Those who are responsible for making the rules or, indeed, changing the existing rules within the G.A.A., do not appear to have considered a trial and error approach?
I write this because the new “square ball rule” brought in by Congress is, in my opinion and in the opinion of many of the top managers, including Mickey Harte, practically impossible to administer fairly under existing conditions.
The rule briefly states that in open play, if a player enters the small rectangle before the ball has been delivered by the last outfield player in possession, then any score arising must be declared null and void.
In other words, in soccer language, if the player is in the small rectangle before the last pass has been played, he is in an offside position so to speak.
The rule in Gaelic football is very similar to soccer but the difference is that in soccer the vast bulk of the “offside” decisions are made by assistant referees who make such decisions mainly on the position of the last defender. By this stage, you are probably as confused as I am but my point is simple, in that in GAA with the onfield rules being administered by the referee, umpires and linesmen, everything I have seen so far says that all the decisions are being made by the referee.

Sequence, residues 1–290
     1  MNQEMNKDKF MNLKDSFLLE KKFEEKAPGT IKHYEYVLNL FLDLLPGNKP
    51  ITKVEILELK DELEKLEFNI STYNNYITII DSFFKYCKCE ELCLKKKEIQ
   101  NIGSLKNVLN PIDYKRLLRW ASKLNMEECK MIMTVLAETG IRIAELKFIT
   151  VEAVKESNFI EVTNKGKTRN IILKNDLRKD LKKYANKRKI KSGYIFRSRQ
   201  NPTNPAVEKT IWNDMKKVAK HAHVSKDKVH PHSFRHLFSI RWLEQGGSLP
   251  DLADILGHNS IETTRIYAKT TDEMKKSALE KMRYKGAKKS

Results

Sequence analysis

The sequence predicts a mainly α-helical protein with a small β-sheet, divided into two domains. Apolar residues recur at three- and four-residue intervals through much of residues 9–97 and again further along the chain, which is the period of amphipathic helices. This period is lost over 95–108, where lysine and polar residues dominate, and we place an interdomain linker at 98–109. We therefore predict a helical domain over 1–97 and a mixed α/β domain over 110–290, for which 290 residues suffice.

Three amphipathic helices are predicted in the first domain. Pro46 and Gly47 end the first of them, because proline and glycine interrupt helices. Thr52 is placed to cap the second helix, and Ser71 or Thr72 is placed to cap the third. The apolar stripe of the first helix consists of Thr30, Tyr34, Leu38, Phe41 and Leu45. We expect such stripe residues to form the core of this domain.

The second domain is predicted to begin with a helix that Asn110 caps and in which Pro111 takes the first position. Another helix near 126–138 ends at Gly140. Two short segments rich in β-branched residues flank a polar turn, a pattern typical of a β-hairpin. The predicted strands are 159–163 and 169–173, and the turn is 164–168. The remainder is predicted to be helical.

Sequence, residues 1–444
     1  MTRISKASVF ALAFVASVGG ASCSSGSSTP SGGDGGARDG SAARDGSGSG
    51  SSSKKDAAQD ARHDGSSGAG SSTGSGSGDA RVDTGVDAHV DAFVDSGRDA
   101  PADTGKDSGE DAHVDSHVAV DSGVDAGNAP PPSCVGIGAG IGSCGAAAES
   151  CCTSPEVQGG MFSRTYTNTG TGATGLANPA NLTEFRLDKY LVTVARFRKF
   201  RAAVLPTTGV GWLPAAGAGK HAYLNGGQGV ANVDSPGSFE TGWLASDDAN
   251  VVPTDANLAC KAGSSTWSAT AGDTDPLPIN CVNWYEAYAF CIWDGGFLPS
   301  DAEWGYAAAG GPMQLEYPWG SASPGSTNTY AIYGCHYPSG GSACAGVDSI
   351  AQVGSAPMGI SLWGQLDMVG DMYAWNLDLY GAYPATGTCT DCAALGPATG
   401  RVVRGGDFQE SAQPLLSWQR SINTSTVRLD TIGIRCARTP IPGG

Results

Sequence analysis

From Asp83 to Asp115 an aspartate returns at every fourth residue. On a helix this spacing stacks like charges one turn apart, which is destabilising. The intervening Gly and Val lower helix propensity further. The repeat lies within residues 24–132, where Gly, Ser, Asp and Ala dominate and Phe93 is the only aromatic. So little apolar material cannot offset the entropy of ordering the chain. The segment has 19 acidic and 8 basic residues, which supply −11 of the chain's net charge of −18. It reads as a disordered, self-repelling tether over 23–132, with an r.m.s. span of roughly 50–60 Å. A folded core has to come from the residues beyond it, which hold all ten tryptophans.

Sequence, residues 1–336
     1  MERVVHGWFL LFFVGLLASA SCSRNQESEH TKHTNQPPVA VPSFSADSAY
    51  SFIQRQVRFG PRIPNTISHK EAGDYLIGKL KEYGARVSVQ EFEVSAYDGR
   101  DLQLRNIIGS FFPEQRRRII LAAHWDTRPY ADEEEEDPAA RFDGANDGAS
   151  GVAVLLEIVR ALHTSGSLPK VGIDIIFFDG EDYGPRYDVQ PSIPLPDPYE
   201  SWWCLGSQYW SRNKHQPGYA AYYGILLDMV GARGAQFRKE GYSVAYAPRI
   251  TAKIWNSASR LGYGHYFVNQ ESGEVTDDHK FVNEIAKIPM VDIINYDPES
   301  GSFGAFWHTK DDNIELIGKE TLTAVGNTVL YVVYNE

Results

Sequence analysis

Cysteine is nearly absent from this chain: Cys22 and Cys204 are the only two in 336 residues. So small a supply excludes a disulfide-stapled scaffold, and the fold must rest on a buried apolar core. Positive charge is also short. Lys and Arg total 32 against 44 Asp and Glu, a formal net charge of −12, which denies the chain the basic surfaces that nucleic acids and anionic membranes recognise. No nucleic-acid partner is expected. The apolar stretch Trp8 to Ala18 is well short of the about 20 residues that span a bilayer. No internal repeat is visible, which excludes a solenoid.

This is a very difficult task in a game now being played at such a hectic pace. The alternatives which could be easily judged would be to do away with the small rectangle altogether but, no doubt, that too would have its critics.
Whatever changes are made to the rules, surely there should be an imput from the players and managers which doesn’t appear to have occurred on this occasion.